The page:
P1.12 Application of Remote sensing information for Surface Water change in a tropical basin (Amazon)

Thursday, 12 November 2009
Marzieh Azarderakhsh, CUNY, NOAA/CREST, New York, NY; and W. B. Rossow and F. Papa

Surface waters, which include rivers, lakes, wetlands and episodically inundated areas, play a crucial role in the global biochemical and the hydrological cycles. Rivers represent, through their discharges, one of the principal drivers of the ocean freshwater budget.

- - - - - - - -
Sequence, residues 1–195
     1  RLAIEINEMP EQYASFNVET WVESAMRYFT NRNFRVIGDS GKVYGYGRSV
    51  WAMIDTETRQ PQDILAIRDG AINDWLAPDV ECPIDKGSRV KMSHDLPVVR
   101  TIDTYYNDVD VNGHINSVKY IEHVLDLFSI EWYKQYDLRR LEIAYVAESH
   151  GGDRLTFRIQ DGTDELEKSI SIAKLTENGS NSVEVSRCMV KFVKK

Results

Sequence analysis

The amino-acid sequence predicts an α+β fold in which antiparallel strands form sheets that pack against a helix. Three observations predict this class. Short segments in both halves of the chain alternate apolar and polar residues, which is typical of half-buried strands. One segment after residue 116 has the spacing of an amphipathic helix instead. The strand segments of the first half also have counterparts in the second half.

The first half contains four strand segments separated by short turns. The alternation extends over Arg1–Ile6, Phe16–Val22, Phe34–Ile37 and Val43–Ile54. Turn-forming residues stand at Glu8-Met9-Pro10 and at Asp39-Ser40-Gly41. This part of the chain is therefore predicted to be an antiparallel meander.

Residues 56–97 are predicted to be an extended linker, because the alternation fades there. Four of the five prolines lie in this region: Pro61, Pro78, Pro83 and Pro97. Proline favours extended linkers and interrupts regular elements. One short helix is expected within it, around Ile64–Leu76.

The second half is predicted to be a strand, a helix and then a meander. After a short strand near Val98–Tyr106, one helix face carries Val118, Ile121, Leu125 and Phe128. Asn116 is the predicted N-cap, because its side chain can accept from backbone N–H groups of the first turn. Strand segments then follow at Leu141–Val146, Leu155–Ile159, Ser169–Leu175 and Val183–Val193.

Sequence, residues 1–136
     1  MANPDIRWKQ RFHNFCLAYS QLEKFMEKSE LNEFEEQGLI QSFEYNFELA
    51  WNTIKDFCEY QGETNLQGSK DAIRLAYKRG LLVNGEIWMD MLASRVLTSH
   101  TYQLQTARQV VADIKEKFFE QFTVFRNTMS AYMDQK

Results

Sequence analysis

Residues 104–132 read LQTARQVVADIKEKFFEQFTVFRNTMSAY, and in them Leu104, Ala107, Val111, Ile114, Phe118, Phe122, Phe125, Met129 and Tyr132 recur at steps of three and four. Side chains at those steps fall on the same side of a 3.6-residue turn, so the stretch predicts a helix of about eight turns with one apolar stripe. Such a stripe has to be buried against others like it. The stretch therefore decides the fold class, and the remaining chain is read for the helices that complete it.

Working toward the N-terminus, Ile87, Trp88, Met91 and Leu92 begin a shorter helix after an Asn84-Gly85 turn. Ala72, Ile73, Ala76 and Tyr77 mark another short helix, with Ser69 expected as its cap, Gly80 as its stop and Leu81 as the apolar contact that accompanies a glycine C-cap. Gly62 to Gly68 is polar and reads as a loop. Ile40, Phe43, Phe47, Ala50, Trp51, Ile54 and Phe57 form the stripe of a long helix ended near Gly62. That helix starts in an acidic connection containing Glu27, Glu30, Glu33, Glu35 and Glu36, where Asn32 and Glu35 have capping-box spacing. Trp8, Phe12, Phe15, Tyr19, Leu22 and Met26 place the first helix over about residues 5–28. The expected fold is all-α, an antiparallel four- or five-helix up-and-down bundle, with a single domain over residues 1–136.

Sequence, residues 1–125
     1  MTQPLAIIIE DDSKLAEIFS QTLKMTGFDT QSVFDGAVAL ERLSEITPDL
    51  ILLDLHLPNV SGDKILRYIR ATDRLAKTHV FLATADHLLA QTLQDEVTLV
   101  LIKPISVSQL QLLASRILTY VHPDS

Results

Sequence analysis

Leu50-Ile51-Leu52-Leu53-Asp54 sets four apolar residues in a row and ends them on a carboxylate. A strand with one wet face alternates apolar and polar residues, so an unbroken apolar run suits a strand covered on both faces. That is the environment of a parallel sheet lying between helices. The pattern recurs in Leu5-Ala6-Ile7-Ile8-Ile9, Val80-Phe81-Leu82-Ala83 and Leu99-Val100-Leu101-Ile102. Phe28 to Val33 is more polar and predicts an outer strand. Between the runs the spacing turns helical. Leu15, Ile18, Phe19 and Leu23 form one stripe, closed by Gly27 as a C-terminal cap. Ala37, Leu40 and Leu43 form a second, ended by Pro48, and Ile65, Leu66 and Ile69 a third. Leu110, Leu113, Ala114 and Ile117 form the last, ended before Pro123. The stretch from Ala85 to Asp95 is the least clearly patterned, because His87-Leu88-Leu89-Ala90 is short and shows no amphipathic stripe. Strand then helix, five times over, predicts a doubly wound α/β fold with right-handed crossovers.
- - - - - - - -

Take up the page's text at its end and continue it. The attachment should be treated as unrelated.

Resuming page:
Floodplains and inundations regulate the river hydrology as a large part of the water input to a main river channel is processed through them. Understanding the seasonal/inter-annual variability of large-scale land surface water dynamics is thus crucial. Remote sensing (RS) techniques are being actively explored to provide a mean of monitoring surface waters at global and regional scales over long time periods. In order to monitor water balance changes in a major tropical basin, A globally applicable RS technique, developed to quantify spatial and temporal dynamics of inundated surfaces over the period 1993-2004 (Prigent et al., 2007), was used along with global precipitation data of TRMM, Evaporation estimations using Penman method and some in-situ data of discharge in Amazon (16 gage stations). Also, we applied Topography information of ASTR GDEM to delineate the basin in different gage stations. Water Balance equation was applied along with hydraulic routing of the surface runoff. In this model, most of the inputs are satellite based and we have used gage station information only for verification purpose.


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